Says he learned Valerie's name from Joe Wilson's entry in 'Who's Who in America'
Chicago Sun-Times columnist Robert Novak said today he has been told the CIA leak investigation, as it relates to him, is over and he can reveal his role -- including testifying before a grand jury.
In his syndicated column to be released Wednesday, Novak said special prosecutor Patrick Fitzgerald has long known Novak's three sources for his July 14, 2003, column that outed Valerie Plame as a CIA agent. The column came after Plame's husband, Joseph Wilson, accused the Bush administration of twisting intelligence on Iraq.
Novak still does not name his "primary source" for the column, but does confirm that presidential aide Karl Rove and CIA public information officer Bill Harlow were also sources for the column.
Novak's column begins by noting "Fitzgerald has informed my attorneys that, after two and one-half years, his investigation of the CIA leak case concerning matters directly relating to me has been concluded. That frees me to reveal my role in the federal inquiry that, at the request of Fitzgerald, I have kept secret."
Fitzgerald spokesman Randall Samborn declined to comment on Novak's column. Fitzgerald has been investigating whether any laws were broken when Plame's identity was revealed.
Novak said he revealed Rove as a source because Rove's lawyer has previously disclosed details of their conversation. However, Novak's recollection of that conversation differs.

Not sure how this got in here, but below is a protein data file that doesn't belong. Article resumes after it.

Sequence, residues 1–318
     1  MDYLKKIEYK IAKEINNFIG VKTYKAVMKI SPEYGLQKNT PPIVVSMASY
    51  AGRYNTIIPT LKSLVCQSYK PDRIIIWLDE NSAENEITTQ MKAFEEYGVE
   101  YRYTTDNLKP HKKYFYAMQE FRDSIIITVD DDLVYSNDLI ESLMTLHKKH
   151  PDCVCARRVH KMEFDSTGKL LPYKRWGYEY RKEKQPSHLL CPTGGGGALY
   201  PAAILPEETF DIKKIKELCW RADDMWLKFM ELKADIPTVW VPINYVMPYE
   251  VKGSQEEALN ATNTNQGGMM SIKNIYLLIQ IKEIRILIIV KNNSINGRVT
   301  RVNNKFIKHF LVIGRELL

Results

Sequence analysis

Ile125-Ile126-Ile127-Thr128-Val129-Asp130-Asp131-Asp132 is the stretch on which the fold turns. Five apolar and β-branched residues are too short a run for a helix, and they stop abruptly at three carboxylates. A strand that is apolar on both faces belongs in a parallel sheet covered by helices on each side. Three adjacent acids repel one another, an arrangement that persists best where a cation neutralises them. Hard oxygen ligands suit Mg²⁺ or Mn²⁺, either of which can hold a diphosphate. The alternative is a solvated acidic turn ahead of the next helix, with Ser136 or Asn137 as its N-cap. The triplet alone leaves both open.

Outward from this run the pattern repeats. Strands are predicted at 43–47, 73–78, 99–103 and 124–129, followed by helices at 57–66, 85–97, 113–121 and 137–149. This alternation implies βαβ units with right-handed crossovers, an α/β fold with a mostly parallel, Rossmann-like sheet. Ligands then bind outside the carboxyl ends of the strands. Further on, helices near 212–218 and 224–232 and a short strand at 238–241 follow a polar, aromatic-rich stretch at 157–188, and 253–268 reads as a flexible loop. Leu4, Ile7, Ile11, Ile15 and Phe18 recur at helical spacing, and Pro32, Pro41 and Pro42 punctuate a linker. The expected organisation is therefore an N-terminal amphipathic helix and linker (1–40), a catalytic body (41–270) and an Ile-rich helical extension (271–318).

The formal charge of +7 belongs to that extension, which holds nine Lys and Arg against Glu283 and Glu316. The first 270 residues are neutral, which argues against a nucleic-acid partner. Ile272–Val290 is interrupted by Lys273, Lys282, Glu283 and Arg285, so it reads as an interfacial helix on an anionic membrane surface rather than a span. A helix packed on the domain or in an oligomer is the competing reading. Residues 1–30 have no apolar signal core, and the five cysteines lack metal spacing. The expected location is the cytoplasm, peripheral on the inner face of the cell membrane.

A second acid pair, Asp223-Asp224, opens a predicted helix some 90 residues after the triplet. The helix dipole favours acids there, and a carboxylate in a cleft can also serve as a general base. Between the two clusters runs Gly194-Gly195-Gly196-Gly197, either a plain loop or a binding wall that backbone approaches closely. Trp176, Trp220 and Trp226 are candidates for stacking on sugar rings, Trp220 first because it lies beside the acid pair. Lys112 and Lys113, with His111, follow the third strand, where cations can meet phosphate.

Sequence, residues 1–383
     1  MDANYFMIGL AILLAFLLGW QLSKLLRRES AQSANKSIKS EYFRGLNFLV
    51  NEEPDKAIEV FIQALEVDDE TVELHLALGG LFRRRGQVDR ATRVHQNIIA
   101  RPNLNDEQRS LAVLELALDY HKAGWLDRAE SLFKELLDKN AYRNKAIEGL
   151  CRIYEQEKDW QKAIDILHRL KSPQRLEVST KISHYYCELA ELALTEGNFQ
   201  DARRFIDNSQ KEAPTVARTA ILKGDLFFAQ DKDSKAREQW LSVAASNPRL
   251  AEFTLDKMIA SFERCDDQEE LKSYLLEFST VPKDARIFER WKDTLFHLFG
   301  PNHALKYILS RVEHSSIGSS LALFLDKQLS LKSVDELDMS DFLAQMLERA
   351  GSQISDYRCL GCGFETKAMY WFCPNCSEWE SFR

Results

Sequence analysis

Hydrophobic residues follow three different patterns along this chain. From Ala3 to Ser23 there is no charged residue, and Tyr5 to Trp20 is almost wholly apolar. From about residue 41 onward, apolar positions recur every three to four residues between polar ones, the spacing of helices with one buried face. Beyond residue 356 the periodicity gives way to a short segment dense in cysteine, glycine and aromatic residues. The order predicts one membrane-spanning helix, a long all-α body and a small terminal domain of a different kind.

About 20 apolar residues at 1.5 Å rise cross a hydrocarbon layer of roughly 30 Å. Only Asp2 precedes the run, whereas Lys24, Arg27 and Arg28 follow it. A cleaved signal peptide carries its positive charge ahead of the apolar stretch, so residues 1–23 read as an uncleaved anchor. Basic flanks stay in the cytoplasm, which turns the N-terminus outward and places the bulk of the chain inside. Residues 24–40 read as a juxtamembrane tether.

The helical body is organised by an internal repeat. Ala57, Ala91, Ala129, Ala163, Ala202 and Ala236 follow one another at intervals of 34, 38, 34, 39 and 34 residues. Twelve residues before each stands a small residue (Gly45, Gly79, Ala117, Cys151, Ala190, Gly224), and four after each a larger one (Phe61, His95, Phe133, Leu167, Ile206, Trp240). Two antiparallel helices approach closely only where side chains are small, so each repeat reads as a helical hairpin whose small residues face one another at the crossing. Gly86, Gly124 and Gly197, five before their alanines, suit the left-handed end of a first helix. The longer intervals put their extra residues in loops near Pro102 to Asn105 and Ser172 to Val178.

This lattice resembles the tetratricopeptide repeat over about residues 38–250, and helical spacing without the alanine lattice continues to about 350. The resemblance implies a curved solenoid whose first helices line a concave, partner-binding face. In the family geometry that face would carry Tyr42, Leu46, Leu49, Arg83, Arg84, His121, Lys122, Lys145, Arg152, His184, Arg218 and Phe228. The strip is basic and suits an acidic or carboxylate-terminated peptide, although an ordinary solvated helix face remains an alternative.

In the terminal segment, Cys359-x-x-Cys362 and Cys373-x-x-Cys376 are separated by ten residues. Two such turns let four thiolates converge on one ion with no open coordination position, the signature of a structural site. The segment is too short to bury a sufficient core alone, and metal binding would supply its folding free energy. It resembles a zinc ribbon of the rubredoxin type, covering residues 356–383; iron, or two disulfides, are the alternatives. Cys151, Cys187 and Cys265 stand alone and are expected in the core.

Novak revealed Harlow's name because Harlow also has previously discussed their conversation publicly. Novak also writes that he remembers their conversation differently.
He's mum on the third source because that person has not come forward publicly.
Fitzgerald's knowledge of the three sources' identities was not learned from Novak, the columnist writes, adding the special prosecutor from Chicago had in his possession signed waivers from all three before he questioned Novak.
Novak said he was questioned twice by Fitzgerald at the offices of Novak's lawyers. Novak also writes he was subpoenaed and testified before a federal grand jury, but he disputed claims that he cut a deal with prosecutors, invoked his Fifth Amendment rights or was ever a target of the probe.
Novak said he first interviewed his primary source before seeking out Rove and Harlow for confirmation. Novak said he learned Plame's name from her husband's entry in Who's Who in America.
Rove testified before a grand jury five times. He was told last month that he will not be indicted in the case.